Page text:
Emojis look toward the future

“The Emoji Movie” is forward-thinking in its grasp of communication and is deserving of a better reputation


Connor McNeely, Opinion Editor

The Oxford English dictionary defines the word “meh” as an interjection used as an expression of indifference or boredom. Tony Leondis’ “The Emoji Movie” makes me feel anything but.

When our Life Editor, Selinna Tran, presented me with the incredible opportunity to write about one of Leondis’ greatest films, I jumped off the couch and raced to my computer. I can’t describe the feeling of joy that rushed into my chest as I thought about how much time I was going to spend writing this piece.

“This is going to be the most significant article that you ever produce,” Selinna texted.

“I know,” I replied.

Right away, I knew that this was more important than anything else that could occupy me, so I rushed through all of my term papers and take-home exams in order to have more time to think about “The Emoji Movie”. After four days of watching, reading and engaging in forward-thinking dialogue about the film and its endless supply of rich storytelling, I couldn’t find a better way to start discussing the movie than by talking about myself.

I am a writer living in an era where authentic art must be protected and its artists galvanized. And there is no better writer to guard the legacy of Leondis and his masterpiece than someone who has watched multiple Youtube videos about “The Emoji Movie”. I will be helping to ensure that the critical reputation of the film is reversed by writing this article.

When all of Wake Forest’s student body picks up a print edition of the Old Gold & Black, they will read this column at the very back of the paper and immediately take a picture of it so that they can share it on their social media profiles. From there, it will only be a matter of time before this story gains national attention. After an overabundance of positive media coverage and public opinion, Rotten Tomatoes will be forced to change its rating of “The Emoji Movie”.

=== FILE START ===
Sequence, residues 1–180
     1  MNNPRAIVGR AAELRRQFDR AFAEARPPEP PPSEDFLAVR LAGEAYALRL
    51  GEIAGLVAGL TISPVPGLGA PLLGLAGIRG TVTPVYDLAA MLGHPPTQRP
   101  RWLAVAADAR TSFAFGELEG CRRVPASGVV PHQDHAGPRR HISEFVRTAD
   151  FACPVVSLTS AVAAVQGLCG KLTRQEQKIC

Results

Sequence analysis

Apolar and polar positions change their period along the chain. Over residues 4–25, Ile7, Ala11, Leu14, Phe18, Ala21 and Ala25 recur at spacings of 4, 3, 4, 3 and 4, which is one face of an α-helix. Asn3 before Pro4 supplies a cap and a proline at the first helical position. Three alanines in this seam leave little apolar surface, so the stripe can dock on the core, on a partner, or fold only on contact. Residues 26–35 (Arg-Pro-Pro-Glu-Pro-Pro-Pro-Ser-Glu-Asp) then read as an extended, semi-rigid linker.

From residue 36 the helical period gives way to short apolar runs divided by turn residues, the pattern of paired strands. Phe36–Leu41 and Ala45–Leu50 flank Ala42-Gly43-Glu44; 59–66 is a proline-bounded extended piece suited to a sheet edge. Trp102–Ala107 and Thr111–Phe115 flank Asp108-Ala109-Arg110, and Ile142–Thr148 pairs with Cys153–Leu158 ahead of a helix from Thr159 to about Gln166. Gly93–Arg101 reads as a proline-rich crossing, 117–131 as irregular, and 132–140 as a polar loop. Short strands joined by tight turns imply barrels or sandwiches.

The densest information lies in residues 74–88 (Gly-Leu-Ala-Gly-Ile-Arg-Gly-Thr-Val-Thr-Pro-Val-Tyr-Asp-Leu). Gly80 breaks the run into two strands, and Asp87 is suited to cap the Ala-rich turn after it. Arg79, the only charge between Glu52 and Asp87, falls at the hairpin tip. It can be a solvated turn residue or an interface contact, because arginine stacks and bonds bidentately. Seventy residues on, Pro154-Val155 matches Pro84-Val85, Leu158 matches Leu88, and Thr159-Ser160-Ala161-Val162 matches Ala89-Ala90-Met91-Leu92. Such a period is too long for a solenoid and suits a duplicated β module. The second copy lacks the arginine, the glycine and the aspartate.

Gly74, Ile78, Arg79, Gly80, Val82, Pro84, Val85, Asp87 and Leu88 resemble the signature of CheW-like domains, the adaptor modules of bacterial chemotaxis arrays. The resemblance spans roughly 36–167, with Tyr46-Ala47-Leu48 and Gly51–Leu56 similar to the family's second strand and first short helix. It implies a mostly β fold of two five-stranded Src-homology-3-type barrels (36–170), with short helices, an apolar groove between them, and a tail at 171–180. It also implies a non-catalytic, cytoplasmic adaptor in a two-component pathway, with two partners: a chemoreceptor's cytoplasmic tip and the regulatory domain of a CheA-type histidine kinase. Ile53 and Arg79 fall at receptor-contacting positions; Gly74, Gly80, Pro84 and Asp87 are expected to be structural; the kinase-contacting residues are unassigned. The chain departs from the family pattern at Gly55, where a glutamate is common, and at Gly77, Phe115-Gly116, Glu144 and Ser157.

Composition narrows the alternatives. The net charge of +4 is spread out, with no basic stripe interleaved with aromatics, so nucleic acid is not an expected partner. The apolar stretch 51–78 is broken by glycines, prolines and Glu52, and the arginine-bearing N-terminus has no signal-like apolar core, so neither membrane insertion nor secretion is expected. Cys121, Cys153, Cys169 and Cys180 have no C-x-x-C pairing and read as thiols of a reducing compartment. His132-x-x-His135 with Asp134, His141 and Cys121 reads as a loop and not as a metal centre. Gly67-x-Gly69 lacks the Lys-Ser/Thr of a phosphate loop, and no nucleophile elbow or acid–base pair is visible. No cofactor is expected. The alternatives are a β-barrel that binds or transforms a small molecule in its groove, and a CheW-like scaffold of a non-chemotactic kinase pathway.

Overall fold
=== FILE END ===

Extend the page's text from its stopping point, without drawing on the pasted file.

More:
Frankly, I can’t understand why “The Emoji Movie” got such bad reviews. Doesn’t having Maya Rudolph and Sir Patrick Stewart mean that old people will automatically enjoy the film? The Emoji Movie had a star-studded cast that even included James Corden. How can you not laugh whenever you hear him talk?

One day, emojis will most likely be our primary form of communication. The critics and naysayers who ruined public sentiment towards “The Emoji Movie” are going to look stupid when computers and phones don’t have keyboards anymore. Think of all the time we could save when we just have to read a couple of emojis instead of hundreds of words!

The article that I am writing now is a necessary evil. I am looking forward to the day in which journalists will simply type a bank emoji, a facepalm emoji and a stock-going-down emoji, and then watch as a powerful businessman is held accountable for his illegal actions. I will be excited to watch as a struggling community is lifted into the international spotlight through the power of the praying hands emoji and different heart and money emojis. Writing will be much more emotive and efficient.

I don’t foresee any personal difficulties with the fame and notoriety that will be forced upon me after I single-handedly reset this movie’s critical reception. I was an extremely popular individual in high school, which my fellow students at Wake Forest tell me is really impressive. I understand that it is critical to use my influence in a constructive way.

The only favor that I ask in advance for this act of societal benefit is that Leondis would watch one of my favorite movies of all time with me: “Lilo & Stitch 2: Stitch Has a Glitch”. This is his second greatest film, behind “The Emoji Movie”, of course. If you ask anyone who knows me, they will tell you that I am the biggest Stitch fan on the planet. I can do the voice and everything.